|The first excerpt represents the past or something you must release, and is drawn from The Narrative of the Life of Frederick Douglass: An American Slave by Frederick Douglass:
Who lived on mutton, veal, and beef,
Yet never would afford relief
To needy, sable sons of grief,
Was big with heavenly union.
"'Love not the world,' the preacher said,
And winked his eye, and shook his head;
He seized on Tom, and Dick, and Ned,
Cut short their meat, and clothes, and bread,
Yet still loved heavenly union.
The Narrative of the Life of Frederick Douglass: An American Slave
|The second excerpt represents the present or the deciding factor of the moment, and is drawn from An Open Letter on Translating by Dr. Martin Luther:
preaching about the works themselves, sated in such a clear
strong way: "No works", "without works", "not by works"! If it is
not offensive to preach "without works", "not by works"! If it is
not offensive to preach "without works", "not by works"!, "no
works", why is it offensive to preach "by faith alone"?
Still more offensive is that St. Paul does not reject just
ordinary works, but works of the law! It follows that one could
take offense at that all the more and say that the law is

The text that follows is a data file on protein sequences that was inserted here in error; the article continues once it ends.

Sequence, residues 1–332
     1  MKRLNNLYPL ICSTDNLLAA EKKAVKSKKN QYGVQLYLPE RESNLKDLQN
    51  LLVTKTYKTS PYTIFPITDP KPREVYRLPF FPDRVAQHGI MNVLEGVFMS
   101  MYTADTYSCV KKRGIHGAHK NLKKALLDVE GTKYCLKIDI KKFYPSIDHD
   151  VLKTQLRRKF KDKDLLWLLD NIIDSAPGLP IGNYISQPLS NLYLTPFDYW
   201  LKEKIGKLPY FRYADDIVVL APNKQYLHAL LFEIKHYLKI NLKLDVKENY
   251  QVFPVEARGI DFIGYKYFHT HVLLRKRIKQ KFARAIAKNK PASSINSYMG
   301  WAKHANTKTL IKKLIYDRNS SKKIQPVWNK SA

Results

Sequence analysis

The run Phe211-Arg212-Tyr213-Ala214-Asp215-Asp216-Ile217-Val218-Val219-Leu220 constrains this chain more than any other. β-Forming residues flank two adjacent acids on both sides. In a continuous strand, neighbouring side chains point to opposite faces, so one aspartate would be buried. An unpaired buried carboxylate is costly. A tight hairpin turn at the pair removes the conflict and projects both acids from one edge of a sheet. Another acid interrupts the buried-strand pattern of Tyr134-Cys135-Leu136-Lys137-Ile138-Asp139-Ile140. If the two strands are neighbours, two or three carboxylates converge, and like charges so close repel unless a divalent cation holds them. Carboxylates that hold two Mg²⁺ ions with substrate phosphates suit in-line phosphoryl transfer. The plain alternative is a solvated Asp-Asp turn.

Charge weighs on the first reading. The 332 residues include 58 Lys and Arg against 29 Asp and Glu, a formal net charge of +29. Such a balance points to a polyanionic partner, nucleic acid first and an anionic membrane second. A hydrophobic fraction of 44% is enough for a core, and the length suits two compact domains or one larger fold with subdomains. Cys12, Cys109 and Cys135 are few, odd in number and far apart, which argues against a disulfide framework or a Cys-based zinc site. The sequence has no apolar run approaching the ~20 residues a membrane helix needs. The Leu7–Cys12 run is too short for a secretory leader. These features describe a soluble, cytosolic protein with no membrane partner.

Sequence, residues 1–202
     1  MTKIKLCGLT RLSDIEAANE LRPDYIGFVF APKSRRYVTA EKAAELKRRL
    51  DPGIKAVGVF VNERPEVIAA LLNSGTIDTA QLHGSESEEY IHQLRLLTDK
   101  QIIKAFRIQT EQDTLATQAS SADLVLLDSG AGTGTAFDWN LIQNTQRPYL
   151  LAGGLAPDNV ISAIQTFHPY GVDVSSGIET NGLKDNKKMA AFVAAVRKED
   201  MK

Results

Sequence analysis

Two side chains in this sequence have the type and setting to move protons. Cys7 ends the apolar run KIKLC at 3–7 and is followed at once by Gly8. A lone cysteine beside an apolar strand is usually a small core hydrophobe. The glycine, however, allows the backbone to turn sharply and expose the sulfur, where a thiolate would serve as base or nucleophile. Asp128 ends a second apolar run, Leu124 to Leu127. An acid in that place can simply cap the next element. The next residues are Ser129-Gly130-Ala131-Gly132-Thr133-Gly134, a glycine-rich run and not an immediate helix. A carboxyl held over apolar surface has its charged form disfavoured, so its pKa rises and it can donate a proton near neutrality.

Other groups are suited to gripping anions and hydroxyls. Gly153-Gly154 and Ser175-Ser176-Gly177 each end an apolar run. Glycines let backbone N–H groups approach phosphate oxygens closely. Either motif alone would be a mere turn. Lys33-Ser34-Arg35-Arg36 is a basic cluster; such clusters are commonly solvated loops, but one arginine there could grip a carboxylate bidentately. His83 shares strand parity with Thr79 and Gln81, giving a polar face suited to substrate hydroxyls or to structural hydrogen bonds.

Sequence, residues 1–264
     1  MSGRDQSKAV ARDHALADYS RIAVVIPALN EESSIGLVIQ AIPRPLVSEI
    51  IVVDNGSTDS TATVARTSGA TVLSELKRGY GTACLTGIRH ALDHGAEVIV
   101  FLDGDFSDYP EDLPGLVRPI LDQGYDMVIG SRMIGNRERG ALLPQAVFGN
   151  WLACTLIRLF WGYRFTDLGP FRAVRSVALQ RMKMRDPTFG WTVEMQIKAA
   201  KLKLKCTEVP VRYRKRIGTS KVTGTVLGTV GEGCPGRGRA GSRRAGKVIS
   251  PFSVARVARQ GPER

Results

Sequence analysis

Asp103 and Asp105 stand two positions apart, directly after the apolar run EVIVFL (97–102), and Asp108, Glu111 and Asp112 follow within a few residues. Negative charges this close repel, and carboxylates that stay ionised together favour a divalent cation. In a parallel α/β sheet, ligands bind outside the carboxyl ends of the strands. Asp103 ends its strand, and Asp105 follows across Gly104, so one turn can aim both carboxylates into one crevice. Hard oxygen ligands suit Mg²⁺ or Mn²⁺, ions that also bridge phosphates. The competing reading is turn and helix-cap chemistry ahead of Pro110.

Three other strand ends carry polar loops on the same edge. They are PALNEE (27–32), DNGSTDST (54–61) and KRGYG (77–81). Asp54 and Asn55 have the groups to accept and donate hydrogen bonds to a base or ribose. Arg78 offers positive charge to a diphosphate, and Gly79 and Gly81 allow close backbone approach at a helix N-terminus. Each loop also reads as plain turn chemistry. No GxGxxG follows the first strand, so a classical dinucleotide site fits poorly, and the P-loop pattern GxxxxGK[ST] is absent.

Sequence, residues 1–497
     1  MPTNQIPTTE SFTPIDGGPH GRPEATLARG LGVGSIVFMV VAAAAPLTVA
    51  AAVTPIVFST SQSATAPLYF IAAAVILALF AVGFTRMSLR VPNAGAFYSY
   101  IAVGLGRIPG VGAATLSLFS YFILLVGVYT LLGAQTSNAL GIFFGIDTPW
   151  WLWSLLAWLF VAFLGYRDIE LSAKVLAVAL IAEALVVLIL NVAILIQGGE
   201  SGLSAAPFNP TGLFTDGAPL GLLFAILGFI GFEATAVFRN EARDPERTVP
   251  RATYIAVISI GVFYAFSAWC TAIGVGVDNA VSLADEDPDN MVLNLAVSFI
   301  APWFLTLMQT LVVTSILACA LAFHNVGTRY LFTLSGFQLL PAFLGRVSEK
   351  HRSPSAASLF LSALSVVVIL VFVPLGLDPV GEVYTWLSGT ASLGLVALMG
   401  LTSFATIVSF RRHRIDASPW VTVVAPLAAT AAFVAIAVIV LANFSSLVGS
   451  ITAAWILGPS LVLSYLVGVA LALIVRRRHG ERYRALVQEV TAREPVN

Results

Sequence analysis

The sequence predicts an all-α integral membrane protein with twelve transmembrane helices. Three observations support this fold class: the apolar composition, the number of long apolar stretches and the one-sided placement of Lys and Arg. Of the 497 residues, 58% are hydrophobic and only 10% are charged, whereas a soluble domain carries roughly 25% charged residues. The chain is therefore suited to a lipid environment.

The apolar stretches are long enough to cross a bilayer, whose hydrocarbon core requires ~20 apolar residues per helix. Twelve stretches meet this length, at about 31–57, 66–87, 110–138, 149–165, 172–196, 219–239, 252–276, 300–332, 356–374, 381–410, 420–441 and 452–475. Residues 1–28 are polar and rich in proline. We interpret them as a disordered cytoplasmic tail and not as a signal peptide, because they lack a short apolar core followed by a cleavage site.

condemned and cursed before God and one ought only do what is
contrary to the law as it is said in Rom. 3: "Why not do evil so
that there might be more good?" which is what that one divisive
|The third excerpt represents the future or something you must embrace, and is drawn from Astoria by Washington Irving:
impossible to keep him with the expedition. Fortunately Mr.
Stuart met with some Indians accustomed to trade with Astoria.
These undertook to conduct John Day back to the factory, and
deliver him there in safety. It was with the utmost concern that
his comrades saw the poor fellow depart; for, independent of his
invaluable services as a first-rate hunter, his frank and loyal
qualities had made him a universal favorite. It may be as well to
add that the Indians executed their task faithfully, and landed
John Day among his friends at Astoria; but his constitution was
completely broken by the hardships he had undergone, and he died
within a year.